Earlier this week I posted on the Windmill Networking blog about three essential building blocks to kick-start a successful online marketing program. For the time-challenged, however, here’s a brief summary:
1. Your website (with a companion blog) is the home for your message. If your website still looks like an online brochure – with very little in the way of visuals or interactive components — it’s time to change. If it’s difficult to make changes to your website – you find the content tends to quickly get outdated – then it’s time to change. If the lion’s share of content on your website is all about how awesome you are — all the awards you’ve won and a long recitation of your history – it’s time to change. Content is still king. And what people really want to know about is the people you’re helping. And speaking of website content, you should have a blog [Check out 8 Answers to Why Nonprofits Need a Blog]. In fact, more and more businesses – both for profit and nonprofit – are beginning to merge their blog and website so they’re one and the same. Your website/blog is the hub of your activity; a point of embarkation/disembarkation for all your content and socialization.
2. Email gets your message heard. And it’s still the biggest communications tool we have. It’s direct and segmentable. And, research shows that email marketing converts better than search and social channels. More people complete the transaction with email – 33% vs. 3%. So building your email list should be a key part of your social strategy. And you can drive email opt-ins from your social pages/spaces.
3. Social media gets your message shared. John Haydon explains here why you need both email and social media. Email is unbeatable at this point as a distribution mechanism. However, it’s not a tool for collaboration. It’s not a place where people collectively come together. In other words, it isn’t “social.” So, pick something. I suggest you keep it simple. Don’t ‘spray and pray.’ [Check out The 3 Worst Ways to Use Social Media to Grow Your Business (And What You Should Do Instead) from Social Media Today]. And don’t just do ‘transactions’. Think about ‘engagement’. In the early days of social media, organizations thought of it as a tool to push out information — raise awareness, communicate project news and so forth – all with the end goal of asking for and securing a donation. This is no longer the primary benefit of social media.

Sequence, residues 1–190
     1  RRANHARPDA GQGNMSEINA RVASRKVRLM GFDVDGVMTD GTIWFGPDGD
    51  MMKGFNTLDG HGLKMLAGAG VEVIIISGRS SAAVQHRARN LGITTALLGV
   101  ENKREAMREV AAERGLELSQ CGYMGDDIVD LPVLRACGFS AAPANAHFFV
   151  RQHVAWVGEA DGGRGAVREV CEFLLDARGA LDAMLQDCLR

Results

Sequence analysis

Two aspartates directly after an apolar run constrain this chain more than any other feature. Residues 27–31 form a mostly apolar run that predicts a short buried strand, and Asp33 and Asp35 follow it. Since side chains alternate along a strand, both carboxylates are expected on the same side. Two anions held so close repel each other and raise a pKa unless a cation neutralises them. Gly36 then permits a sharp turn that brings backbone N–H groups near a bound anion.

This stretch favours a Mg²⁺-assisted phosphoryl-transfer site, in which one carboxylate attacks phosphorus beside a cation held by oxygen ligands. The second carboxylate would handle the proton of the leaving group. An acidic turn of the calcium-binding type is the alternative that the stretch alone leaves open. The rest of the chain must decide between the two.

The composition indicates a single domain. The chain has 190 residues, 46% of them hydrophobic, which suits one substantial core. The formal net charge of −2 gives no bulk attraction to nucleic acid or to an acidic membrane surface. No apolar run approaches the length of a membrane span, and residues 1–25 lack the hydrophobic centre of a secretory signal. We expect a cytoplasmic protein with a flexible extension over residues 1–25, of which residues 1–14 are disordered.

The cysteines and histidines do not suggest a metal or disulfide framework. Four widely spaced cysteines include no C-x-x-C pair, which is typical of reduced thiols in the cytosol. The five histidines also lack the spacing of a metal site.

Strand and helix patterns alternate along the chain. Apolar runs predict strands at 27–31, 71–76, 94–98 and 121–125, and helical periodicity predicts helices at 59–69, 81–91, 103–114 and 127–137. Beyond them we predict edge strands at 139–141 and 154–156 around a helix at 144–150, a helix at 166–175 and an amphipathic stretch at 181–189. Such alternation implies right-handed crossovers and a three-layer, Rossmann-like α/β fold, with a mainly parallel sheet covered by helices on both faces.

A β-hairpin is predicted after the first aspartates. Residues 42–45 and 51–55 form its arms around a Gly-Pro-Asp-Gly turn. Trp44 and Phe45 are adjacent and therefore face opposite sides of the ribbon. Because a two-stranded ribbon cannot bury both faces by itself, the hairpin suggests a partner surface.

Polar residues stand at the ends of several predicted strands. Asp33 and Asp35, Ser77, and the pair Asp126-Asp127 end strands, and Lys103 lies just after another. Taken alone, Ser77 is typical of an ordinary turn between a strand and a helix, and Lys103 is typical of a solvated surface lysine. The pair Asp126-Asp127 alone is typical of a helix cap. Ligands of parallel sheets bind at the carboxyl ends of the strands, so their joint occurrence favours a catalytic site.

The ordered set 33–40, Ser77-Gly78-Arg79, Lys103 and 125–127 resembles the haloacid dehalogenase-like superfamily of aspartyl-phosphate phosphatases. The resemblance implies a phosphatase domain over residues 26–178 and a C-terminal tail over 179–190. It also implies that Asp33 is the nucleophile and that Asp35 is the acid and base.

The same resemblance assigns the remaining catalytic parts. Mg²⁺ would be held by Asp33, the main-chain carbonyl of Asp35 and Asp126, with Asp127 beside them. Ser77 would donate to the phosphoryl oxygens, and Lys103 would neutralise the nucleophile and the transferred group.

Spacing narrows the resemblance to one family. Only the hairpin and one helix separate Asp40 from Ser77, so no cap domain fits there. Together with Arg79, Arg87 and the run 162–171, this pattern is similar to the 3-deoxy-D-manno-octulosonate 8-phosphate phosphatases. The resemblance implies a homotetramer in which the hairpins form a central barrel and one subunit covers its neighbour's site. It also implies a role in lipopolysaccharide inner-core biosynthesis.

Don’t try to do everything at once – find where your audience is online and work from there. Having a single, established social media destination is better than having a dozen, half-finished ones. I encourage you to read the full post here.
And don’t forget to sign up for my free webinar — The Keys to Successful Nonprofit Blogging that Drives Engagement.– with the folks at Good Done Great on Tuesday, January 16th .
If you disagree with these 3 building blocks, I’d love to hear your thoughts!
Thanks for simplifying the overwhelming world of social media for us. I think if people build on these 3 principles they will be well on their way to building a strong online brand.
Happy to help, and thanks for reading/commenting Natasha!
It can be overwhelming. Having a coach is a great way to start. They can give tips and get success that you can build on. This will keep people motivated to learn and engage in social media. Thanks for the tips.
“Having a single, established social media destination is better than having a dozen, half-finished ones. ” AGREE! I think social media efforts often fail because we try to do too much all at once. Great advice in this blog, and I appreciate all the sources and evidence.
Thanks Ericka. Baby steps is always a good idea. We’ve got to walk before we can run. At least MOST of us do. 🙂
Thanks for the tips! We’ve just launched our updated website, so this is great timing for us, since we will be ramping up our social media to advertise it!
My pleasure, and good luck!